SpaceX has successfully launched the ocean observation Sentinel-6 from the North American west coast’s Vandenberg Air Force Base. The Falcon 9 first stage was successfully retrieved in a maneuver that caused sonic booms that could be heard in California’s Santa Barbara, Ventura and San Luis Obispo counties.
Falcon 9’s first stage has landed on Landing Zone 4 pic.twitter.com/eDrI5HSXaJ
— SpaceX (@SpaceX) November 21, 2020
The sonic booms could be heard in the live mission feed shortly before the rocket stage landed on Zone 4, not far from the launchpad used to launch the satellite.
Sentinel-6 will be used to measure changes in sea level as part of monitoring the effects of climate change on the ocean. Once it is in its designated orbit, it will be able to make observations of about 90 percent of the world’s oceans and measure sea levels with an accuracy of only a few centimeters.
As one might guess from the name, this is the sixth satellite in the Sentinel constellation created by the European Space Agency’s Copernicus project to monitor the effects of climate change and warn of impending natural disasters.
Sentinel is just one of several satellite constellations that can be used to both help with response to natural disasters and provide a perspective of humanity’s impact on the environment that would be impossible to obtain on the ground. Data from Sentinel-1, for instance, was used to predict an earthquake in southern Europe and monitor the effect of drought on cropland.
Satellite images can track illegal logging that would be difficult to detect until after the fact and monitor air pollution levels from wildfires. Constellations like Starlink can also be used to maintain Internet-based communications for ground teams that are combating natural disasters like wildfires in Washington State when local utilities and communication services might have been knocked out.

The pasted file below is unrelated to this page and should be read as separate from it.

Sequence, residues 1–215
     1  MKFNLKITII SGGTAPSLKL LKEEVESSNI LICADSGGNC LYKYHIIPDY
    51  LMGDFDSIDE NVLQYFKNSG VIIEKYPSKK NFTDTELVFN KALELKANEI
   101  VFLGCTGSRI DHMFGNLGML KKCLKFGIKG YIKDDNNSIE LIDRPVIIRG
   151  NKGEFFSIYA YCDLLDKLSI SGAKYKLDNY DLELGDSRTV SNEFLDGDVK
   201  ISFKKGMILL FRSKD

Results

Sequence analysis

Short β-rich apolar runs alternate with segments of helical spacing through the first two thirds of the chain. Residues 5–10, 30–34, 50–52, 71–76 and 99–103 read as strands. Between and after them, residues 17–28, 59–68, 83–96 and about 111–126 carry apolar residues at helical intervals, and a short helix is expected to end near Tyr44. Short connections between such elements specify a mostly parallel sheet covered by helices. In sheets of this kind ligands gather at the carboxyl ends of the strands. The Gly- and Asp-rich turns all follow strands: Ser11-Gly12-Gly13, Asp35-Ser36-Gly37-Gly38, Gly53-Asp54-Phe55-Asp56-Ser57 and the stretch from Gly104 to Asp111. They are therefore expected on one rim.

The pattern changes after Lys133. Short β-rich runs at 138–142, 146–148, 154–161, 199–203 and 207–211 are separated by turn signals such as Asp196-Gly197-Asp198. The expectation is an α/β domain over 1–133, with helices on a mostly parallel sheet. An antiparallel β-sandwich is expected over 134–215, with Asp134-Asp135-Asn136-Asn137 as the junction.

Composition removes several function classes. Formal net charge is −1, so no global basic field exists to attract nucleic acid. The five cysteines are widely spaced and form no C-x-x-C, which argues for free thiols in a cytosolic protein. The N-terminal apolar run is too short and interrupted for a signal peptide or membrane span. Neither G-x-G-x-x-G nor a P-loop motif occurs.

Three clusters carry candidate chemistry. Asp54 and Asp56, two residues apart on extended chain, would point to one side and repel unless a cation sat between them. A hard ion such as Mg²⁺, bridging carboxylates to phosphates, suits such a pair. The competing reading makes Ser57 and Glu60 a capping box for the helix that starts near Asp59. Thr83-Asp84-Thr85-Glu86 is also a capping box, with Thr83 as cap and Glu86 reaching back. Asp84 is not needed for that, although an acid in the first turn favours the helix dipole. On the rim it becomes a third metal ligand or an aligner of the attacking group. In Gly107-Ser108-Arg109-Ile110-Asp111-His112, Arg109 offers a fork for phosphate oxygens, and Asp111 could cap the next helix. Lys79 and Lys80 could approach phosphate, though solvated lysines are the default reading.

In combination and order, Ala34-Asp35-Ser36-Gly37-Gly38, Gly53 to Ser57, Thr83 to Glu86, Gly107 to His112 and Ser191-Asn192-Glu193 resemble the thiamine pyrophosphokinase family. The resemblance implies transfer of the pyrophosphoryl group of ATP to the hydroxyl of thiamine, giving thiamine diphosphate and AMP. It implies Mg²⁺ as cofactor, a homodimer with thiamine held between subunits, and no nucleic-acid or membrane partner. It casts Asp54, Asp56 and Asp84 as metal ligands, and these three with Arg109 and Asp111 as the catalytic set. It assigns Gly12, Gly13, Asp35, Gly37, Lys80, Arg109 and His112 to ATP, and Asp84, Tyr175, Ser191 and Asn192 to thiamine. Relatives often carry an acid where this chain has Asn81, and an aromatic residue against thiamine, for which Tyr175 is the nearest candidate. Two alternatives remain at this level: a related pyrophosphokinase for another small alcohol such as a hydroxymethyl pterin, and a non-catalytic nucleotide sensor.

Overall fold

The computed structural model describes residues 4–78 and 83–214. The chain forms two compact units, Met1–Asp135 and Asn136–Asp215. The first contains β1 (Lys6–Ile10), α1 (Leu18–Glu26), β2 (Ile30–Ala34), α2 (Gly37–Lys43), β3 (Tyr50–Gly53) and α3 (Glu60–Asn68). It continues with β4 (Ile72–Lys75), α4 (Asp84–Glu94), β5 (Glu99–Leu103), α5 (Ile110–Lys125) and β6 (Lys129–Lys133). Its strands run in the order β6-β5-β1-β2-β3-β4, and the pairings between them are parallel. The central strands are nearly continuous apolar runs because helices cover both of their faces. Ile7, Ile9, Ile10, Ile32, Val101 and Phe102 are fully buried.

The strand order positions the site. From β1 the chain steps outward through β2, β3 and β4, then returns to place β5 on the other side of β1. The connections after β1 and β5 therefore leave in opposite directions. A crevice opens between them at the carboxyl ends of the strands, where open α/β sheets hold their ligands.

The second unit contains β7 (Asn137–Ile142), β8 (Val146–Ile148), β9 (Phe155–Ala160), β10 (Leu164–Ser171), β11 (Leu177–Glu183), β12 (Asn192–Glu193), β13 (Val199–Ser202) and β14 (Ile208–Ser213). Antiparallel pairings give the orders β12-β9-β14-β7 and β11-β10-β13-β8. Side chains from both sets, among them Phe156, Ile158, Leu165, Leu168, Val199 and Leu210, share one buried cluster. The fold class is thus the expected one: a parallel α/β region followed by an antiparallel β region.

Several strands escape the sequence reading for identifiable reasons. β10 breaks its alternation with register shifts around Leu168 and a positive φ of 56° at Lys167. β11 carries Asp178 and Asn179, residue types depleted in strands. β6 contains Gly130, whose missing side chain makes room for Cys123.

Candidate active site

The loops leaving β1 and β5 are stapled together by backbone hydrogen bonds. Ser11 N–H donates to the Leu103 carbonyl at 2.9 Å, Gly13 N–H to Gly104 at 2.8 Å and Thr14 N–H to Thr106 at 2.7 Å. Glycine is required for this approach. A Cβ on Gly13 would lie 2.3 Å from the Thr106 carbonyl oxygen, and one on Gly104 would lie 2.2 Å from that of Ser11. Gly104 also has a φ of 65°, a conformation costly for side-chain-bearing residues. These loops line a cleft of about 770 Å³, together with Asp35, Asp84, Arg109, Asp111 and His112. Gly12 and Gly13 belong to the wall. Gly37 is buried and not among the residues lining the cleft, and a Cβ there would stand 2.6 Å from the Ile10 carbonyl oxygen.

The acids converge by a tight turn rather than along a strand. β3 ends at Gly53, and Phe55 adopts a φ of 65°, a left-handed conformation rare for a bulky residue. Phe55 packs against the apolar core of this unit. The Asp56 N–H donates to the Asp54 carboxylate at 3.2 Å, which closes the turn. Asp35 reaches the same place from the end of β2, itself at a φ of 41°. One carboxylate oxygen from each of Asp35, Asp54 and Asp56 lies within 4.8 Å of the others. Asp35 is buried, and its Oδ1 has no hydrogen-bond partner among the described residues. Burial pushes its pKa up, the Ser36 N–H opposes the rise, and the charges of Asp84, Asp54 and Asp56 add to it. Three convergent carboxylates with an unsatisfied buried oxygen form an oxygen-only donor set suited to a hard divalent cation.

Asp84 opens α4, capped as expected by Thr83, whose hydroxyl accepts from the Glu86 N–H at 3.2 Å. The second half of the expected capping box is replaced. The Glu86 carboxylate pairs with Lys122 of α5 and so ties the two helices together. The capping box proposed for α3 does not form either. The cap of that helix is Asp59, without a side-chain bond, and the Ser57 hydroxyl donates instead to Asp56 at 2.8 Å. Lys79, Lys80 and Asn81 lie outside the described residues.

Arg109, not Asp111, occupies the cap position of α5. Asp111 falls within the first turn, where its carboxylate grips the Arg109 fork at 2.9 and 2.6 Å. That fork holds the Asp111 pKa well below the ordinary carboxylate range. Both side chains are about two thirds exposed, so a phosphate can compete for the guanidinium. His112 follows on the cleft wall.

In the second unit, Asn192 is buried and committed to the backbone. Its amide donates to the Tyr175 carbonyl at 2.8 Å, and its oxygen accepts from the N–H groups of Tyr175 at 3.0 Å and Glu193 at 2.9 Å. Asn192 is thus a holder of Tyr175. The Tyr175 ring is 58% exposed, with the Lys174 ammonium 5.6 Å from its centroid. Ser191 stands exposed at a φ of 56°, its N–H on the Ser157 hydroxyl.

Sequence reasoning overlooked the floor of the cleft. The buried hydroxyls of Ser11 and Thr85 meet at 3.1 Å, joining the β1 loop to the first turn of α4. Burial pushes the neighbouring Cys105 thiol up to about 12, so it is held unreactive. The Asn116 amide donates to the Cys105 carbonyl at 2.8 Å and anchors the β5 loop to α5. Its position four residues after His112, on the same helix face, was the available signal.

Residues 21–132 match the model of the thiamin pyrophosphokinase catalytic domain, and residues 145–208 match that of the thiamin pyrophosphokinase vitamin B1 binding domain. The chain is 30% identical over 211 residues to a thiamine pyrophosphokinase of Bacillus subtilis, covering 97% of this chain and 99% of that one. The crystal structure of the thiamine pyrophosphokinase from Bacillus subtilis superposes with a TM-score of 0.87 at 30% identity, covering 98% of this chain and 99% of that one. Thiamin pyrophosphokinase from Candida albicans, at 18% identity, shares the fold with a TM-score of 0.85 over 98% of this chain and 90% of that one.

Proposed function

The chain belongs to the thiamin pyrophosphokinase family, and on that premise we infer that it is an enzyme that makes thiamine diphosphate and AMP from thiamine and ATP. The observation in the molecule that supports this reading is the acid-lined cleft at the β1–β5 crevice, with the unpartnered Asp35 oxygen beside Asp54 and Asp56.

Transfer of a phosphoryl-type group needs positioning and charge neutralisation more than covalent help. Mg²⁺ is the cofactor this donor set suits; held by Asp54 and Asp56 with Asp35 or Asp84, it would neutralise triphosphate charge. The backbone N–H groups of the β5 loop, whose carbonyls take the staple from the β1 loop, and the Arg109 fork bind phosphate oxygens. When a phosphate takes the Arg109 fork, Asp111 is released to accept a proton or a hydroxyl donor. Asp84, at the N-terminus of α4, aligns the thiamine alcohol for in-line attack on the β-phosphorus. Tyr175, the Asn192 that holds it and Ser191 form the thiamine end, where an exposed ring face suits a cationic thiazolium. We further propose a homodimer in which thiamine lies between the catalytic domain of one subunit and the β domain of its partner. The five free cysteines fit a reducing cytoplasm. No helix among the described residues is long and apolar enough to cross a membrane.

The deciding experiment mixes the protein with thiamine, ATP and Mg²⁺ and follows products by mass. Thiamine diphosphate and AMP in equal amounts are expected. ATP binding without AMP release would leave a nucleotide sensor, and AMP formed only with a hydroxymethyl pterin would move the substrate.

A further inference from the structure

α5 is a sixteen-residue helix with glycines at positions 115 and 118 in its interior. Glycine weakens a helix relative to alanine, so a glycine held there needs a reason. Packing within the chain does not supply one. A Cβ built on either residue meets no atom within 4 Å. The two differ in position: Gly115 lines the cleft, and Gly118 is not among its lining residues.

The images you see on your TV screen when you watch the weather report will usually come from weather satellites, and those images can be used to predict severe weather events like hurricanes. This means that weather forecasts and severe weather alerts can be issued faster and more accurately than they would have been before satellite technology existed.
Likewise, data from Sentinel-6 may help to refine predictions of how much ocean levels might change due to climate change. This can help with planning for future ocean levels that might threaten inhabited islands and coastal communities that are most likely to be impacted by rising ocean levels. This is just one of the many satellites that are being used to help scientists refine their modeling of how climate change is impacting the planet, help disaster relief teams coordinate their efforts and predict when and where the next natural disaster might occur, and assist with humanitarian efforts such as closing the digital divide that often holds less fortunate people back due to lack of opportunity.